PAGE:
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Analyzing the oncogenic role of the hematopoietic transcription factor PU.1

English title Analyzing the oncogenic role of the hematopoietic transcription factor PU.1
Applicant Tschan Mario P.
Number 118276
Funding scheme Project funding (Div. I-III)
Research institution Department for BioMedical Research Universität Bern
Institution of higher education University of Berne - BE
Main discipline Experimental Cancer Research
Start/End 01.10.2007 - 30.04.2010
Approved amount 173'300.00
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All Disciplines (3)

Experimental Cancer Research
Cellular Biology, Cytology
Molecular Biology

Keywords (6)

Leukemia; hematopoiesis; oncogene; PU.1; p53; p73

Lay Summary (English)

Lay summary
Transcription factors play a major role in lineage commitment and differentiation of hematopoietic stem cells and progenitors into distinct blood cell types. A key player in blood development is the hematopoietic-specific transcriptional activator PU.1, which is encoded by the gene Sfpi1. Evidence from PU.1 knockout mice indicates that PU.1 is absolutely required for the differentiation of myeloid-lineage cells and B lymphocytes. Interestingly, the PU.1 protein is also directly involved in the pathogenesis of human leukemias. It was originally identified as a product of the Spi-1 (SFFV proviral integration-1) proto-oncogene, whose locus serves as a high-frequency integration site for the spleen focus-forming virus (SFFV) associated with high PU.1 expression in murine erythroleukemias. Likewise, reduced PU.1 levels in mice lead to acute myeloid leukemias (AML). Moreover, both AML1/ETO and FLT3-ITD leukemic oncogenes inhibit PU.1 activity, therefore reinforcing the notion that reduced PU.1 function may contribute to AML.These data highlight the versatility of this transcription factor in promoting or preventing differentiation depending on the hematopoietic lineage and the stage of development. Generally, the role of PU.1 in terminal differentiation of myeloid and lymphoid cells has been extensively studied, whereas mechanisms responsible for the proliferation of hematopoietic precursors and the role of PU.1 as oncogene are still partially unclear. Interestingly, we have recently observed that PU.1 binds to the p53 tumor suppressor family and inhibits their transcriptional activity. Moreover, we identified novel putative PU.1 target genes involved in proliferation and survival of hematopoietic cells using DNA microarray analysis of mouse fetal liver derived PU.1 knock-out cells. We hypothesize that aberrant PU.1 expression contributes to a growth and survival advantage via inhibiting the p53 family of transcription factors and/or by regulating the newly identified PU.1 transcriptional targets involved in cell cycle or survival.To support our hypothesis that PU.1 inhibits p53 transcriptional activity, we will evaluate the expression of known p53/73 targets in PU.1 knockout cells and study cell proliferation and activation of p53/73 targets in erythroleukemia cells upon PU.1 knockdown using RNA interference. In addition, we will analyze the molecular mechanisms underlying the transcriptional repression of p53 by PU.1. Lastly, we will evaluate the newly proposed PU.1 transcriptional targets involved in cell survival and growth during hematopoietic differentiation.PU.1 is a master regulator of myeloid development, and the analysis of its role in governing not only hematopoietic differentiation but also cell survival, stemness and proliferation is central to an understanding of the normal and cancerous myeloid differentiation program. The proposed studies will elucidate mechanisms leading to tumor development, a prerequisite for effective therapy designs.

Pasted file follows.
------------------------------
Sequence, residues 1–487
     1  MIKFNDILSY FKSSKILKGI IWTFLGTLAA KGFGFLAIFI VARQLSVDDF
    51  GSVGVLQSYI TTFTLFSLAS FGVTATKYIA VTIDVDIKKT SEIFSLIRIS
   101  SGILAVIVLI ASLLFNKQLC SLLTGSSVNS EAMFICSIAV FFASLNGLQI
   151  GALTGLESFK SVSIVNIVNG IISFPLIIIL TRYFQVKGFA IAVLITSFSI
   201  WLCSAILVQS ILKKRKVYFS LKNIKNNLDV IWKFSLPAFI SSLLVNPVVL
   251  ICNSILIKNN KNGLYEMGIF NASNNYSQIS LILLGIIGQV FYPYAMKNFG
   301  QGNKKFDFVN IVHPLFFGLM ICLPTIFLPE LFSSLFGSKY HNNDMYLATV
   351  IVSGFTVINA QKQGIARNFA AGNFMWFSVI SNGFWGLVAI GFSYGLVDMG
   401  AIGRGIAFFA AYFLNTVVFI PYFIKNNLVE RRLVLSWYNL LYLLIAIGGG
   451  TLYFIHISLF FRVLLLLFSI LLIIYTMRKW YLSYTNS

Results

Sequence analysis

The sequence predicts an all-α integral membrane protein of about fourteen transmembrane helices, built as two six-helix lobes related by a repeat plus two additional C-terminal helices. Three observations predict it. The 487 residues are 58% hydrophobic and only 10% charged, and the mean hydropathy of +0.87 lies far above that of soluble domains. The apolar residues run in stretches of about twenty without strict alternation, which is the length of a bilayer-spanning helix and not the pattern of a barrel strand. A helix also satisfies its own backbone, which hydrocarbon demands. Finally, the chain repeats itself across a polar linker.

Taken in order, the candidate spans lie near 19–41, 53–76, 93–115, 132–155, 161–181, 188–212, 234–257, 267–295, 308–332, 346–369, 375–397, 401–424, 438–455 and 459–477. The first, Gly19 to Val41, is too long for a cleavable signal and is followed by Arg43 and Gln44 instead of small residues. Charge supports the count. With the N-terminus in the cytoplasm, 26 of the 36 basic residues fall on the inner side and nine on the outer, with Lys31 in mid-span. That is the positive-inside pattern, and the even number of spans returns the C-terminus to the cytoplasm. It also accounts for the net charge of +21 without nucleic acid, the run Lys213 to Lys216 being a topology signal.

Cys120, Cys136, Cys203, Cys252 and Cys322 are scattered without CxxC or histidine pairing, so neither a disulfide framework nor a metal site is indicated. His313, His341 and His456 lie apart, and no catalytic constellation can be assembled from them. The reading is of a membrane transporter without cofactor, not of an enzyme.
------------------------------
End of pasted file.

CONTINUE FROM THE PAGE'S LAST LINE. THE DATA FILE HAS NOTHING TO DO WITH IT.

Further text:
Direct link to Lay Summary Last update: 21.02.2013

Responsible applicant and co-applicants


Associated projects

Number Title Start Funding scheme
129955 Complex involvement of the myeloid master gene PU.1 in cell proliferation and survival by inhibiting the p53 tumor suppressor pathway and by activating anti-apoptotic genes 01.04.2010 Project funding (Div. I-III)